If the first phenomenon shows that reaching vacuum shall not be an issue, the second is more critical. The first approach to solve it was to reinforce the lid. But the possibilities are limited because the dead weight of the top lid is already close from lifting capacity of injector opening tools and it overall dimension are also at their maximal values regarding surrounding environment. Then it was necessary to investigate other solutions.

The main driver in others design proposal was to limit the relative opening between top lid and vessel and/or block the top lid rotation. To do so the following cases have been studied.

In this first case the top lid is linked to the vessel by four internal mechanisms on each side of the vessel linking the top lid with the vessel. They are locked after bolting. This solution gives good results but it would require the design of a moving mechanism inside vacuum and new penetrations on the vessel. The major drawbacks of this solution are that if this mechanism failed when closed then it will not be possible to open the injector with complex access reparation tooling as it is inside. This drawback could be compensated by designing dismountable penetrations allowing access inside the vessel.

In this second case the top lid is extended all around the vessel flange. This extension blocks the top lid rotation when deformed by internal overpressure. The maximal gap between both components respecting the maximal seals spring back for the inner seal is 0.2mm on each side. This gives a total gap of 0.4mm between top lid and vessel’s flange. This is too tight and this solution is considered as not acceptable. The risk of having top lid blocked on the vessel or not be able to replace it after opening is too high.

The case three was thought in order to avoid the issue a gap too tight between the vessel and the top lid extension. In this case 40 pins with a diameter of 48mm are placed all around the vessel flange. They cross the top lid extension and go inside the vessel flange to block the deformation of the top lid. This solution doesn’t work very well because pins are deformed and therefore do not stop enough top lid deformation.

The curves here bellow gives results of the relative opening of the top lid compared to the vessel flange in accidental case following 4 design solutions presented previously. Therefore it can be compared with the useful spring back of the seals and we can assess if leak tightness is maintain. And for each design case relative opening at the location of the outer and inner seals is given.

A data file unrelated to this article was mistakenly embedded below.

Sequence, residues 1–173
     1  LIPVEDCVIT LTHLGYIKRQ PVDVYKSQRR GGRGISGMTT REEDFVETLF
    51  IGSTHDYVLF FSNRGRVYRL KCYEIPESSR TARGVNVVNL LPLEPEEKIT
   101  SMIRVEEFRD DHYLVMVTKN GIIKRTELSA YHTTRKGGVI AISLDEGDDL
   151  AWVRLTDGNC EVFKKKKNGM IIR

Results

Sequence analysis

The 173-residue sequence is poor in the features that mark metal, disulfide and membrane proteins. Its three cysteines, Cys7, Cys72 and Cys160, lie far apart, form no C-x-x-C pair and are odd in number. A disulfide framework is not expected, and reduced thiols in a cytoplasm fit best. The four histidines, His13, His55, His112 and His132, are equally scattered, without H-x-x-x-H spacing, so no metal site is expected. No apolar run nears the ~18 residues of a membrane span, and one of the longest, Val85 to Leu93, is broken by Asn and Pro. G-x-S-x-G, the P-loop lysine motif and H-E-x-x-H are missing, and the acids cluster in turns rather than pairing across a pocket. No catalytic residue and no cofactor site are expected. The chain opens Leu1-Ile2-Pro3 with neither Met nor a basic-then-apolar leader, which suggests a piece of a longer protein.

It clearly shows that only the design with internal locking system allows reaching confinement requirements both in normal and accidental conditions.

IV. REMOTE HANDLING

In parallel of the R&D activities and the assessment of a new design for the NBI vessels it was also necessary to assess the feasibility of the remote handling operations with metallic seals. The RH operation can be seen as three major different tasks: Transportation the seals in the NB cell, place the seal on the vessels, enter a new seal in the NB cell.

Conceptual design performed for each tasks is presented in the following paragraphs.

A. Transportation of the seals inside the NB cell

The metallic seals are positioned on the HNB BLV and DNB lid and on the HNB BSV. Handling is ensure by the remote handling crane running in the NB cell.

The first task performed on RH activity was to check that the seals can be transported inside the NB cell. If the rear lid seals do not present major difficulties, it is more complicated for the HNB BLV seals, especially for the HNB#1. It has to pass between the front pillar of the NB cell and the bioshield, which is tighter space in the NB cell for a 24m long component. This transportation study had also helped to define inclination of the seals during transportation and therefore the requirement for the handling tool. This study is summarized in the picture here bellow.

The smallest gap with surrounding equipment is 330mm. The smallest gap with building is 350mm. These gaps are assumed as enough to compensate manufacturing, construction and assembly tolerances.

B. Place the seals on the vessels